The premise behind Snowpiercer is absurd: the world has ended in snow and ice, and the only survivors of humanity live aboard a massive train that somehow never stops moving. The poor people, the dregs live at the back of the train, while the beautiful rich people live at the front. It’s ludicrous. It’s obvious social commentary class warfare BS tarted up in global warming-based science fiction silliness.
The script rises above the subject matter, making it a smarter story that its underlying assumptions deserve. Hints about terrible past events begin to make sense later on in the film, from strange hand gestures to the disturbing number of amputees among the tail section passengers. The dialogue is tight, funny when it has to be and just philosophical enough to project ideas without bludgeoning the viewer. Familiar tropes are used, but not overused, from the wisecracking sidekick to the sassy black woman to the assassin who just won’t die.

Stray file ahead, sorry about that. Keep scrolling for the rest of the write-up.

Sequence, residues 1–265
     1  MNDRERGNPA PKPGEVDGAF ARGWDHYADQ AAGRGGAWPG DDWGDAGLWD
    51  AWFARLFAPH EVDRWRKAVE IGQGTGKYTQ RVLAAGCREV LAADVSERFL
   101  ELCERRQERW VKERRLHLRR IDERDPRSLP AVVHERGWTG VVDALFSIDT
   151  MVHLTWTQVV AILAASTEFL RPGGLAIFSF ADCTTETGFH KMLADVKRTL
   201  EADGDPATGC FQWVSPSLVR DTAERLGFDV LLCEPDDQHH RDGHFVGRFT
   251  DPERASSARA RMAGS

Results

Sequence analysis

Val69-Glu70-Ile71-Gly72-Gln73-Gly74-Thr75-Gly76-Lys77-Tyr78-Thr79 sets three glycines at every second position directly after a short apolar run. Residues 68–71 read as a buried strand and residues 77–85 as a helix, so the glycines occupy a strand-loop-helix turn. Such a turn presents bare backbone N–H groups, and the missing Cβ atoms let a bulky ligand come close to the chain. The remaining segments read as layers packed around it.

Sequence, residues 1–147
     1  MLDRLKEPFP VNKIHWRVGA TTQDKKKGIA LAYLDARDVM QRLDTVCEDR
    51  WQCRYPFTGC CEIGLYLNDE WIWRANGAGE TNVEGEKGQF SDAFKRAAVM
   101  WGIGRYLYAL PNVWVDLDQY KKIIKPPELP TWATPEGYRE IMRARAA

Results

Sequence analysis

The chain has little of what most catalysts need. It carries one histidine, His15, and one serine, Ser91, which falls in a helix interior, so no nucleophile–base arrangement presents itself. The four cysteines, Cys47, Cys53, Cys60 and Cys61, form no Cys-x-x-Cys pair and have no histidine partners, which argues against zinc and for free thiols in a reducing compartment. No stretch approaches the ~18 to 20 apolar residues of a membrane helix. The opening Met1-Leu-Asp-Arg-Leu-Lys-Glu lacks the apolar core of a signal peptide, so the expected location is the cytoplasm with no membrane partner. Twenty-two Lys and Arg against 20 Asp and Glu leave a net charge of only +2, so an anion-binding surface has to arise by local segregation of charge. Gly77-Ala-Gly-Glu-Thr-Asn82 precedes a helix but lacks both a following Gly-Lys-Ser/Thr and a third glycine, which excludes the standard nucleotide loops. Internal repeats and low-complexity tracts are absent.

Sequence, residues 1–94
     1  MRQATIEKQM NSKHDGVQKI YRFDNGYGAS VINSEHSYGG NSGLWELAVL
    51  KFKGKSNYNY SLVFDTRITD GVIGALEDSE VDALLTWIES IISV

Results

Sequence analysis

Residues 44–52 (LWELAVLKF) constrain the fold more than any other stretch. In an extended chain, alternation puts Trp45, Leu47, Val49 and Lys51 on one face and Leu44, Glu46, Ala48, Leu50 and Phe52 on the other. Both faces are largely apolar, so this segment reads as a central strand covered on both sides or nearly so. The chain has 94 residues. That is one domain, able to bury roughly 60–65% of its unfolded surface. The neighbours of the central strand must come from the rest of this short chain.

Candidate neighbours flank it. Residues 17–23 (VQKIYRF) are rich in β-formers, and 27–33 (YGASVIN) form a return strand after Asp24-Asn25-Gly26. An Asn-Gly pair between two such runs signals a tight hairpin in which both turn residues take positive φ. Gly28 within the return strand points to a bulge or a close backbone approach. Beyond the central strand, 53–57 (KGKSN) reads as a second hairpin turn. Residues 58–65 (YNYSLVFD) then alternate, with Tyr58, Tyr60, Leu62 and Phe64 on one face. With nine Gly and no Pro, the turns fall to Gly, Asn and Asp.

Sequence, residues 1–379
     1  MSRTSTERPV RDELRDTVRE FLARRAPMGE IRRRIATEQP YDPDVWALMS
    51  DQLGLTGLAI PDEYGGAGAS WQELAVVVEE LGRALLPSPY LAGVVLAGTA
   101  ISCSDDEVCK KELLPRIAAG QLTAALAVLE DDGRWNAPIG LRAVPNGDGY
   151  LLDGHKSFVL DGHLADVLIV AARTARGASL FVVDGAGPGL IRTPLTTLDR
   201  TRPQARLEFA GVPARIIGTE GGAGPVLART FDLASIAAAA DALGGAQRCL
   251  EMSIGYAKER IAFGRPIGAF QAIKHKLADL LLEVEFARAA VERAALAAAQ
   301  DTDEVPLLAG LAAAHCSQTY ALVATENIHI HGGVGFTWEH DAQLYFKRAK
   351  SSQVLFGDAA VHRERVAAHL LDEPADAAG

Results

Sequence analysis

Chris Evans does a good job with what he’s been given. As a bearded, reluctant leader of a violent revolution, he made a far better Curtis than he does Captain America. Tilda Swinton was a scream, and Kang-ho Song as the security expert added depth and humor to a supporting role. The only low spot was Ed Harris, who slept through his performance.
At times, the film made clever use of its absurdity, with a surreal scene in a sushi bar and an even more bizarre scene in a classroom full of young worshipers of Wilford, the inventor/engineer of the train. Just as you’re lulled into accepting the movie’s strangeness, it manages to hit you with something out of left field that keeps you watching.
The visual style is arresting. Fans of Chan-wook Park (The Vengeance Trilogy) and Kim Jee-woon (I Saw the Devil) will really appreciate Joon-ho Bong’s work here. It just grabs you and you can’t help but watch the whole thing.
4 out of 5 stars.